Blindness to the rightness and necessity of realpolitik is the film’s greatest failing: the Gallic oh-so-chic attitude that nothing is worth fighting or dying for. If so, then nothing is worth living for either — certainly not Alfred de Vigny’s poetry, chocolate, or French high culture, the trappings that Gregoriev asks as his only reward. Gregoriev says he’s not afraid to die, but Pierre Froment is. Froment’s East German wife reminds him that she married an engineer, not James Bond. In fact, his reasons for becoming a spy are never fully explained. His mission isn’t impossible, but it does bring inquietude. Why risk it? It has to be more than his professed solidarity with Gregoriev.

To burnish his one-worldish bona fides, director Carion plays with perspective and language, bouncing from Moscow to Paris to Washington, from Russian to French to English, yet the film remains indelibly French. Carion actually spent three days trying to persuade Fred Ward to play an unconvincing Reagan who obsesses over The Man Who Shot Liberty Valance (a not-too-subtle homage to playing with perspective). Reagan was a bad actor, so maybe bad acting is in order, but he was a great statesman, and Carion does not do him justice. Ward reportedly told Carion he must really be French to cast him as Reagan.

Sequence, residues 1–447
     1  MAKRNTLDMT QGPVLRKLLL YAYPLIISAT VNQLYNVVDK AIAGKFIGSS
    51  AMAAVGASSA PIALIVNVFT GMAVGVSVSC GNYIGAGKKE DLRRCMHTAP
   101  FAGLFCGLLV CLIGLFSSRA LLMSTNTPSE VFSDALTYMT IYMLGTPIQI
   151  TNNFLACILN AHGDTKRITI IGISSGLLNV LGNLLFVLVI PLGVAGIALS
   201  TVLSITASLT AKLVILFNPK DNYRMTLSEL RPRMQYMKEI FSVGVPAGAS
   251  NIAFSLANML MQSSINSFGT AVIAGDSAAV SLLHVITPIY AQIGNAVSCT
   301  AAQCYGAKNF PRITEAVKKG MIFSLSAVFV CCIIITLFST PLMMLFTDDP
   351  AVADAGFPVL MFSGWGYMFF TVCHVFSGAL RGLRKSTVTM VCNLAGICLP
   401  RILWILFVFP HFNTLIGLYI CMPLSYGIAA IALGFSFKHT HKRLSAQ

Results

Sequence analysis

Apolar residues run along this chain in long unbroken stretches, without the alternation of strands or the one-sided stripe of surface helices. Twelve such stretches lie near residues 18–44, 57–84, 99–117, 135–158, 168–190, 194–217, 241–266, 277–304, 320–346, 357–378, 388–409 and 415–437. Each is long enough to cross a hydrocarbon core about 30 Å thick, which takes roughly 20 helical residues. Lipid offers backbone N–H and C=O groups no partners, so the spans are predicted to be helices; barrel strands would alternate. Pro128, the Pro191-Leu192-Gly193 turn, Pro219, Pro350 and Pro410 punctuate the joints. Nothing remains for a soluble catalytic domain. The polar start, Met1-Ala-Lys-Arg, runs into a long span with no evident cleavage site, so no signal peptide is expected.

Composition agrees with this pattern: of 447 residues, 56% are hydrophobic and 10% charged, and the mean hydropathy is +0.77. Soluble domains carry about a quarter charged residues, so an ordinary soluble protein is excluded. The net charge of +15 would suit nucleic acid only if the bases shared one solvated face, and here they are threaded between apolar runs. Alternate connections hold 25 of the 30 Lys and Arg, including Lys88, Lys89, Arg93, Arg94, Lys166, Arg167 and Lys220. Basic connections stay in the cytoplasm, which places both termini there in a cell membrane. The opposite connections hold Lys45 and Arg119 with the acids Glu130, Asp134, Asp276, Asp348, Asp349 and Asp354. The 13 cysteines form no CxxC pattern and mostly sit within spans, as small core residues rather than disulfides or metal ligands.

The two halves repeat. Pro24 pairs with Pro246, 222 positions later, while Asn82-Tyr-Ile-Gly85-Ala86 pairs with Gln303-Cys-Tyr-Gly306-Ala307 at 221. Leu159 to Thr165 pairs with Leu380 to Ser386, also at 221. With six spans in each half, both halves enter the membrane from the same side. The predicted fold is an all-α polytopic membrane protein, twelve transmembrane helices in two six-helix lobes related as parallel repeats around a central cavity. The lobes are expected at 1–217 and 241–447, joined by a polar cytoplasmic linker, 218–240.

Carion chose better for his two main characters, casting two European fellow directors in these roles, Emir Kusturica as Gregoriev and Guillaume Canet as Froment. Canet is forgettable, but Kusturica is an actor par excellence, whose presence commands the film. Kusturica does this despite having had to learn Russian for the role after the Russian minister of culture strongly advised Russian actors not to make a film about Russia’s greatest traitor. (The scenes that feature Moscow were shot through subterfuge: Carion pretended he was filming a Coca-Cola commercial.)

Kusturica, who is Serbian, has had his own brushes with evil — and come up lacking. When asked why he did so little against the dictator Milosevic, he replied timidly, “Nobody’s perfect.” But he perfectly captures Gregoriev’s motivations. At one point, Gregoriev says not a word, lying on his back, looking longingly at 8mm sepia films of his son, breathing the carefree air of Paris. The smoke from his cigarette clouds the room and the son ages, but the memory remains. Later, reeling from torture, he quotes Alfred de Vigny’s “Le Mort du Loup,” a poem about a wolf who dies in silence so that his pups might live.

That scene is fictitious, but Farewell is not meant to be cinéma vérité. Still, Carion would do well to read more Vigny, who once wrote: “Actors are lucky, they have glory without responsibility.” Directors, alas, have no such luck when they tell a “true story” that isn’t.

– Charles C. Johnson is a Claremont Review of Books fellow at The Claremont Review of Books. He can be reached at CJohnson@claremont.org.